- Obama holds 34-percentage-point edge over Congress thus far in 2016
- Only George H.W. Bush enjoyed similar edge over Congress
- Obama approval remarkably high relative to U.S. satisfaction
PRINCETON, N.J. -- With President Barack Obama's job approval rating up nearly three percentage points in the first quarter, he continues to maintain a wide lead in approval over the popularity-challenged U.S. Congress. In fact, if maintained, the 34-percentage-point gap between Obama's 49% average job approval rating thus far in 2016 and the 15% average approval rating for Congress would be the widest of Obama's presidency, and one of the largest Gallup has measured since 1981.
Congress approval was on the historically low side when Obama took office in 2009, related mainly to the troubled economy at the time. However, since then, his yearly job approval averages have managed to stay in the 40s while Congress' ratings have sunk to record-low levels. As a result, the gap between the two has averaged 30 points over the course of Obama's presidency and has not fallen below 27 points in any calendar year.
Obama's popularity edge over Congress is far from typical for recent presidents. George W. Bush's approval rating averaged 12 points higher than congressional approval across his two terms in office, from 2001 to 2008. Bill Clinton held an 18-point advantage over Congress in job approval from 1993 to 2000, while Ronald Reagan held a 13-point lead between 1981 and 1988 (with no congressional ratings in 1984 and 1985).
Only George H.W. Bush matches Obama in outperforming Congress in public approval, according to Gallup polling between 1990 and 1992. However, that is partly a reflection of Bush's extraordinarily high ratings stemming from the first Iraq War in the second and third years of his term, as well as image problems for Congress stemming from the "Keating Five" and the House banking scandal.
Obama Also Soars Above U.S. Satisfaction
Since the start of his presidency, Obama's average job approval rating has also been running substantially higher than Americans' average level of satisfaction with the nation, ranging from 18 to 30 points higher each year. Thus far in 2016, the gap between Obama's approval rating (49%) and public satisfaction with the direction of the country (26%) is a healthy 23 points. That compares with an average 12-point premium for George W. Bush and 10-point approval leads for Clinton and Reagan.
The only other president who consistently logged much higher job approval ratings than the prevailing level of U.S. satisfaction was George H.W. Bush. However, even his average 21-point job approval premium falls short of Obama's.
Obama entered office with a significant advantage in popularity over Congress. But that gap has persisted long past his honeymoon period and could well emerge as one of the defining features of his presidency. However, it's not just Congress' low ratings that account for Obama's relatively high approval. He also receives higher approval than one would expect given Americans' low satisfaction with the direction of the country.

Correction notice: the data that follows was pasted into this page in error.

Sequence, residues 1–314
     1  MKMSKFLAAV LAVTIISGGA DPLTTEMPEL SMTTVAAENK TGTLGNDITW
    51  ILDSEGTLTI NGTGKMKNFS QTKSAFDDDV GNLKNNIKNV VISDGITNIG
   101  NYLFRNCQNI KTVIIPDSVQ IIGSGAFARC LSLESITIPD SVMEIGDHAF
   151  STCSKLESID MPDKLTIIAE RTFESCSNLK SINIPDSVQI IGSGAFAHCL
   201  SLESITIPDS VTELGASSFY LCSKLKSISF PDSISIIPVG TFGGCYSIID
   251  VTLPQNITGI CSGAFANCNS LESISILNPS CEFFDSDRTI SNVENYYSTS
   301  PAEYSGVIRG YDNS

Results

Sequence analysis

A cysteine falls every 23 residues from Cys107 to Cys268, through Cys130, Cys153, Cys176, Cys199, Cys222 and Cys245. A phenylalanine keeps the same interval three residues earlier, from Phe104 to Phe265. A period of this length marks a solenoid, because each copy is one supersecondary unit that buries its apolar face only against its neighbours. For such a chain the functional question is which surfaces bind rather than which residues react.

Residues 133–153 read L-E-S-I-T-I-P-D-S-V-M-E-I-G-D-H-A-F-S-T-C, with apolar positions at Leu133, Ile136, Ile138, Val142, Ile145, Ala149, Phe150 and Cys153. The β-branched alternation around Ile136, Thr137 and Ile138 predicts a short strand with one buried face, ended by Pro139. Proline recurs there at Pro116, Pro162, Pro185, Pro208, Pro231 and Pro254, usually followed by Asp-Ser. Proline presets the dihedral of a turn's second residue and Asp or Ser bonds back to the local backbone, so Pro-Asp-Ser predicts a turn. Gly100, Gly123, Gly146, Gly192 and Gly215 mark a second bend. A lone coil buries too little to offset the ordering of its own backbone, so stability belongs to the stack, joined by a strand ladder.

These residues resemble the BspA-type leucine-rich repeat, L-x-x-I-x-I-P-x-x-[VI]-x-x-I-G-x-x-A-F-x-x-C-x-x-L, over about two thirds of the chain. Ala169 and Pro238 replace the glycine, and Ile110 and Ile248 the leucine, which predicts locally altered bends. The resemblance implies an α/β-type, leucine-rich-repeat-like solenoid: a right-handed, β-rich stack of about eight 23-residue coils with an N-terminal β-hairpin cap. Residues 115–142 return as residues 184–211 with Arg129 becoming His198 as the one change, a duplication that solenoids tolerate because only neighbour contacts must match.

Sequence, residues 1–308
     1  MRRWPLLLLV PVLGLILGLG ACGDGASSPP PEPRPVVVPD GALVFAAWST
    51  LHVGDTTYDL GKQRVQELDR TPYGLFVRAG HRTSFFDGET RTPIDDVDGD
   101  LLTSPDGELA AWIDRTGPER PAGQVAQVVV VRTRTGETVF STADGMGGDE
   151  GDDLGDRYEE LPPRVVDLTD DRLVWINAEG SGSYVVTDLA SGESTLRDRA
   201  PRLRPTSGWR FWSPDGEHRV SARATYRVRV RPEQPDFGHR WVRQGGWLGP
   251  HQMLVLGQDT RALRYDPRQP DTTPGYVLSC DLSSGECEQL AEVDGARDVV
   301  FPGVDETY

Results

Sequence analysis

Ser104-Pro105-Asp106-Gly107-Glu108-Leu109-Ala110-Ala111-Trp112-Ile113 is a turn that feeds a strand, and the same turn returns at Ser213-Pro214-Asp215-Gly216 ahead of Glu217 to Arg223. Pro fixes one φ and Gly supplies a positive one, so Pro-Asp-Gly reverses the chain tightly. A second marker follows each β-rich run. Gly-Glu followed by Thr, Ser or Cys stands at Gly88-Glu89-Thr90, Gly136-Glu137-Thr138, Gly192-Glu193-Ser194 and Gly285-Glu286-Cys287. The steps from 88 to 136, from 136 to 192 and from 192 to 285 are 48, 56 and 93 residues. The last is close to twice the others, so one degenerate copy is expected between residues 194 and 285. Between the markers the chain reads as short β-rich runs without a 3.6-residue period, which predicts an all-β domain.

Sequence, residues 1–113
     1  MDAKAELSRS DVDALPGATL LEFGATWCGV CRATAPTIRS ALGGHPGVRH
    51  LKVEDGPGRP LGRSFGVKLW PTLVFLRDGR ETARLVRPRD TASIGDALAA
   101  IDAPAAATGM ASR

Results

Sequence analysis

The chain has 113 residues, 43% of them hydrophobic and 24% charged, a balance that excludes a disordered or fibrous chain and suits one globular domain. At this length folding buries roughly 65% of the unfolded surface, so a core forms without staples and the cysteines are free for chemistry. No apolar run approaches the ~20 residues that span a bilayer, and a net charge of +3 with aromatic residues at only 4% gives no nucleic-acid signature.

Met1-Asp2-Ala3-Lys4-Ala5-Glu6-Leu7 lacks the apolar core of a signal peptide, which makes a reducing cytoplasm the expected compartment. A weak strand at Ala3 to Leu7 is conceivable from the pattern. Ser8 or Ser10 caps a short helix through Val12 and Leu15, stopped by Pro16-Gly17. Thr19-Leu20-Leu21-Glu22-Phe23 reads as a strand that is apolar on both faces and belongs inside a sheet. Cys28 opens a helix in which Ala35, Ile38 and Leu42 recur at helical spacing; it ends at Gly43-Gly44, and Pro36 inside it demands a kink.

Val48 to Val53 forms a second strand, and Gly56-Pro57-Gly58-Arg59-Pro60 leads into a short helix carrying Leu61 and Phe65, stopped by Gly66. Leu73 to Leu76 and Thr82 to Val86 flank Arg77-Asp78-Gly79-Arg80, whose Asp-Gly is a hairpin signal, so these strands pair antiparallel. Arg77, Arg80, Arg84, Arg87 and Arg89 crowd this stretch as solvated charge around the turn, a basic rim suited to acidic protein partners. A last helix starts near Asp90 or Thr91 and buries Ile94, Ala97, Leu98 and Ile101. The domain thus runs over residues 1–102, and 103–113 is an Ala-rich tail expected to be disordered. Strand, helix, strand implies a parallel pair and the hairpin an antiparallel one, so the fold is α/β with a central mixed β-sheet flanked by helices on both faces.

Obama's ability to outperform both congressional job approval and public satisfaction with the U.S. may be related to his personal popularity. Most recently, Gallup found 53% of Americans viewing him favorably. However, Obama's favorable rating is not unusually high relative to his job approval, at least compared with past presidents. The more important factor could be the extraordinarily high job approval he receives from Democrats, reflecting the strong political polarization in the country. This gives Obama a solid "floor" that keeps his job approval from falling too low, even while just 10% of Republicans approve. And that contrasts sharply with congressional ratings, which are poor among both parties, ensuring that the overall ratings for Congress remain low.
Historical data are available in Gallup Analytics.
Obama's job approval ratings reviewed in this article are based on annual aggregates of data from the Gallup U.S. Daily tracking survey. The aggregates include roughly 150,000 interviews each year with a random sample of adults, aged 18 and older, living in all 50 U.S. states and the District of Columbia, interviewed by landline and cellular telephone. For annual results based on the total sample of national adults, the margin of sampling error is ±1 percentage point at the 95% confidence level. All reported margins of sampling error include computed design effects for weighting.
Congressional approval and U.S. satisfaction results are based on combined data from Gallup's monthly Gallup Poll Social Series surveys. These aggregates generally include at least 12,000 interviews each year with a random sample of adults, aged 18 and older, living in all 50 U.S. states and the District of Columbia, interviewed by landline and cellular telephone. For annual results based on the total sample of national adults, the margin of sampling error is ±1 percentage point at the 95% confidence level. All reported margins of sampling error include computed design effects for weighting.